Horse sanctuary needs help to get through the winter

Newton. Rivers Edge Horse Rescue & Sanctuary needs money for food, shelter, and medicines for majestic equines that have been abandoned.

Newton /
11 Nov 2020 | 09:12

You know when you try to do something good — really good — but all of the odds seemed stacked against you?

That’s how Diane Romano feels. She’s the founder and president of Rivers Edge Horse Rescue & Sanctuary in Newton, and, thanks to the pandemic, all of her fundraisers were canceled this year. But she did what no one else would do and, just before the shutdown in March, rescued three horses in dire straits. Winter is coming, and each of these horses needs a shelter. The rest of the horses at the sanctuary need hay, which has gone up sharply in price, and medicines for horses that are sick or might become sick.

Princess, Sarge, and Black Beauty were surviving, somehow, on a farm in Warwick, N.Y. Their owner had fallen too ill to care for them, and a neighbor, who knew nothing about horses, stepped in to do what she could. But their situation had already spiraled out of control. They stood in ankle-deep manure. Their water froze in the February chill.

After contacting rescues in New York and New Jersey, the Warwick Valley Humane Society was at the end of its rope: no one wanted these horses. Princess was so malnourished she was sure to perish soon. Sarge was a maniac, charging Romano whenever she visited to assess the situation. Black Beauty needed a home.

“I called around to larger sanctuaries to see if they could take the horses,” Romano said. “We’re small here and rely completely on fund-raising to exist.”

There were no takers, and some called her crazy when she decided she would figure out a way to get them to Rivers Edge.

“I couldn’t ‘un-see’ their situation,” she said. “What was I supposed to do, just wash my hands of it and walk away? I couldn’t.”

Hard-charging Sarge

First, the horses needed water. To get to water at the Warwick farm would require a sledge hammer, and under the ice, there was sludge. Romano drove her water tank and filled troughs. She also got hay.

Transporting the horses to Rivers Edge would be no easy task. Romano’s veterinarian, Dr. Otto Brasch, would be need to administer sedation, but he was away.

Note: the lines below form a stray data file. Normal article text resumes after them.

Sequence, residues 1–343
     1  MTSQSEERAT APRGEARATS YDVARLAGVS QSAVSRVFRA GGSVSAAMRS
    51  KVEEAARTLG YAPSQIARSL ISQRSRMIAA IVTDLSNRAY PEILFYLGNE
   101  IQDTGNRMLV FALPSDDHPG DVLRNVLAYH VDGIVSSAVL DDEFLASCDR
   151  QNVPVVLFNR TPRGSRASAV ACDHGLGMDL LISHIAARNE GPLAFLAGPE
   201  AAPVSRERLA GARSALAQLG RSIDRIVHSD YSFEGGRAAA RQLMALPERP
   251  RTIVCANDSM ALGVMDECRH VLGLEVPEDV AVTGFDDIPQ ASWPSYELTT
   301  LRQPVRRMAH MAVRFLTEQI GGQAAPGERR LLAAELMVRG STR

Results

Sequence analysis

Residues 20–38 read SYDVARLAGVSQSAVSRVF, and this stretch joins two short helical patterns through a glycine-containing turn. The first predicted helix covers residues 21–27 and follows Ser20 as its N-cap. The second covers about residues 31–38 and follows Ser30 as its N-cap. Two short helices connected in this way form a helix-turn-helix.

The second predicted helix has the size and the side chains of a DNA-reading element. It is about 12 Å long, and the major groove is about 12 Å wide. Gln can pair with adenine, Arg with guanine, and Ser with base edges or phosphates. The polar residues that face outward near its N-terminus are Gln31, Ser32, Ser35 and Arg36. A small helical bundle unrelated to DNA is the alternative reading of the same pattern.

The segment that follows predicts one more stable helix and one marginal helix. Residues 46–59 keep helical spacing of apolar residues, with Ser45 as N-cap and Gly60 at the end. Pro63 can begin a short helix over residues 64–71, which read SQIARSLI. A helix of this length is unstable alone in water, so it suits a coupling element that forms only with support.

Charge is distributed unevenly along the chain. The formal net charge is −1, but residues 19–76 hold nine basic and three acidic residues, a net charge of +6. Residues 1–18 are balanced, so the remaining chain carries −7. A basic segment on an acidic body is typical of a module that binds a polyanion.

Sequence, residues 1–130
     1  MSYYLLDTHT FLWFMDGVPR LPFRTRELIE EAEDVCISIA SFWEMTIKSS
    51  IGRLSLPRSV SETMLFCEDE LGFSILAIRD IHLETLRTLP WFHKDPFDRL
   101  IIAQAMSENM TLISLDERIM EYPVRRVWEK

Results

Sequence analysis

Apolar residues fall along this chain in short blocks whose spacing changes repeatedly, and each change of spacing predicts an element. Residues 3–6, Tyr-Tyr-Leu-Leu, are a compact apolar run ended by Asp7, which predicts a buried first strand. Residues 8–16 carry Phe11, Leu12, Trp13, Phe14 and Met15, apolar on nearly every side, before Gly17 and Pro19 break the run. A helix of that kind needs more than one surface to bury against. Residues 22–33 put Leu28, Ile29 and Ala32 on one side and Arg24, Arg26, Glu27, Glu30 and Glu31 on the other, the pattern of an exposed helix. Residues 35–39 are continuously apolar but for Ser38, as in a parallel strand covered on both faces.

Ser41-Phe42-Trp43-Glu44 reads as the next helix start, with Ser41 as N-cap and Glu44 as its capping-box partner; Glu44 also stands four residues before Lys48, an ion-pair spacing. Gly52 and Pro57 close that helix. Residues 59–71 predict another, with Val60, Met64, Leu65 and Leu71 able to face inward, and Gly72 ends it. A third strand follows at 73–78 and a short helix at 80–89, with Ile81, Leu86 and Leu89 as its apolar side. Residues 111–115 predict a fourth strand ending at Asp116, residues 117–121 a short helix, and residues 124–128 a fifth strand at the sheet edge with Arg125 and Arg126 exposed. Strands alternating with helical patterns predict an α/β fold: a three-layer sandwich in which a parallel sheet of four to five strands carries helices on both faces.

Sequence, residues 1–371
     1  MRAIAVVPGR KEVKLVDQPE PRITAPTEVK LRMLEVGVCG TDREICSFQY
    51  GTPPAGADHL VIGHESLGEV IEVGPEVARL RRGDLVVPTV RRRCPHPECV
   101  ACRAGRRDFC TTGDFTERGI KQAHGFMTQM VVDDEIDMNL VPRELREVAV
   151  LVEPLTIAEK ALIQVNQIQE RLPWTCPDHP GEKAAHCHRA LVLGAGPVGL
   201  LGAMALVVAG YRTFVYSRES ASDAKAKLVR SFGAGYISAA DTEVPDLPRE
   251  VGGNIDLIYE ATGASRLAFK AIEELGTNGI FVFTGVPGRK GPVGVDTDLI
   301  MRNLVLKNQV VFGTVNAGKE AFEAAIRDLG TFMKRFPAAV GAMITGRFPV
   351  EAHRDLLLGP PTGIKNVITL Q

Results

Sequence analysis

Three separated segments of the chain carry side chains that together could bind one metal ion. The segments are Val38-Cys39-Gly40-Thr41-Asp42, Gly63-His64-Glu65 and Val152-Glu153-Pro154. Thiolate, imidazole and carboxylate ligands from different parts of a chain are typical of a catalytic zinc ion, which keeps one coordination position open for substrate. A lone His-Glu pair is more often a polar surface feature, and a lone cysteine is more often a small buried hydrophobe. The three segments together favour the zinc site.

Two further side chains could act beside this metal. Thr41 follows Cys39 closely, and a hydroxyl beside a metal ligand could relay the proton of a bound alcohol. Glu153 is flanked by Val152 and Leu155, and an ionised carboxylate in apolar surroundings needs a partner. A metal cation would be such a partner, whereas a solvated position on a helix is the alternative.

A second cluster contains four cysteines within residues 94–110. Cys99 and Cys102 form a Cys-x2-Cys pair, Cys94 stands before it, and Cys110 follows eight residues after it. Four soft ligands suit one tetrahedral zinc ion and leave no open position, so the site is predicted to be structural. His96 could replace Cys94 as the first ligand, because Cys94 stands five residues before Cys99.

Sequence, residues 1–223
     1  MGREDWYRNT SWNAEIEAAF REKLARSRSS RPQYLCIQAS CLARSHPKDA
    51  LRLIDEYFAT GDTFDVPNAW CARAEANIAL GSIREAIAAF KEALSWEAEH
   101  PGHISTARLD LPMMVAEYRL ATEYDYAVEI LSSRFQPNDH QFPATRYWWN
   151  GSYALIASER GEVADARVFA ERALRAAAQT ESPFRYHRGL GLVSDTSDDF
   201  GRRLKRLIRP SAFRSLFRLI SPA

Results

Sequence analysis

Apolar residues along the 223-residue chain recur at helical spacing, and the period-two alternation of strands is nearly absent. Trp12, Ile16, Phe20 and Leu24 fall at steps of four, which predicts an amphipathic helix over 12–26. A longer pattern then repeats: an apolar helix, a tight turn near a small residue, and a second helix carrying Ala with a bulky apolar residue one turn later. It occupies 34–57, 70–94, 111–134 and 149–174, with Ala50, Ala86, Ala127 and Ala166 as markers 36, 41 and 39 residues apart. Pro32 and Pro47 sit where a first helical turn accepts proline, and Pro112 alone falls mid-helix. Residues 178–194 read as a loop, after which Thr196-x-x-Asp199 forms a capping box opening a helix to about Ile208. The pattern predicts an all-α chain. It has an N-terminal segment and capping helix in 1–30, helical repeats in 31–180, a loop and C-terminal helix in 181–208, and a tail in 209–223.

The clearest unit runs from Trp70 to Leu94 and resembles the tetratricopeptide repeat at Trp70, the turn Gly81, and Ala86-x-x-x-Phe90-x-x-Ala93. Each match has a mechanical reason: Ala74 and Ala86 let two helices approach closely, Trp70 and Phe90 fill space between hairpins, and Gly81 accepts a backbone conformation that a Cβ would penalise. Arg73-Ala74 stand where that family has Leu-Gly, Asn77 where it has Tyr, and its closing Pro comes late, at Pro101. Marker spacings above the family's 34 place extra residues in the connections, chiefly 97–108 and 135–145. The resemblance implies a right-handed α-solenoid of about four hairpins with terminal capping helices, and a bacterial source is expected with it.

“I knew if we didn’t get Princess out of there, she would die,” Romano said. “The problem was Sarge.”

The horses were penned together. Romano and a volunteer helper, Patty Taylor of Hampton, hatched a dicey plan to avoid a charge.

“We had to get through manure, two fences, and up a rocky hill,” Romano said. “The plan was contingent on Patty closing a gate and hopping a fence like she’d never hopped a fence before.”

There were some tense moments, but it worked. Princess made it to the transport vehicle and to Rivers Edge, where she received the medical attention and nourishment she needed.

“It was like she was on vacation with a clean pen and plenty of food and water,” Romano said. “But there was a look in her eye that she was glad to see the other two when they arrived.”

Once Dr. Brasch returned, they returned to Warwick to retrieve Sarge and Black Beauty.

“We absolutely had to sedate Sarge for his safety and ours, and Dr. B did a great job,” Romano said.

A second chance at life

Now, on the cusp of winter, Princess, Sarge and Black Beauty will each need a shelter. Each costs $5,000 with another $800 or so to prep the foundation. It will take $600 to $800 per week to buy the 160 bales of hay needed. Some of the older horses have special dietary requirements, and some are on medication, which means more funds needed.

Twenty eight horses dwell on the bucolic grounds of Rivers Edge, which sits right on the shores of a secluded section of the Paulins Kill River. The oldest animal is 38. Romano can’t stress enough that acquiring a horse that it is a long-term commitment

“Sometimes people buy a horse for a teenager, and that’s great,” she said. “But you have to realize, in a few years that teen will be going off to college, and that horse will be around for a long time.”

The horses at Rivers Edge are not rideable.

“These horses have been abandoned or discarded, and when everyone else had given up on them, Rivers Edge has been there to give them a second chance at a life they so deserved,” Romano said. “We need help. Anything is greatly appreciated.”

Rivers Edge is a nonprofit organization, and all who work on the farm are volunteers. The best and most efficient way to donate is through PayPal. Simply e-mail Diane@RiversEdgeHorseRescue.org.

The sanctuary is also on Amazon Smile, so if you switch from regular Amazon to Amazon Smile when ordering something from the site, a percentage will be donated to Rivers Edge. Just designate Rivers Edge Horse Rescue & Sanctuary as your charity. On Facebook, go to Rivers Edge Horse Rescue & Sanctuary and click on the big blue “donate” button.

Rivers Edge is located at 104 Halsey Road in Newton. Visits to the sanctuary to meet the horses and see the goats are available by appointment. Call 973-600-9766.

Essential information
What: Rivers Edge Horse Rescue & Sanctuary
Where: 104 Halsey Road in Newton
Phone: 973-600-9766
Email: Diane@RiversEdgeHorseRescue.org
“These horses have been abandoned or discarded and when everyone else had given up on them, Rivers Edge has been there to give them a second chance at a life they so deserved. We need help. Anything is greatly appreciated.” Diane Romano, Rivers Edge Horse Rescue & Sanctuary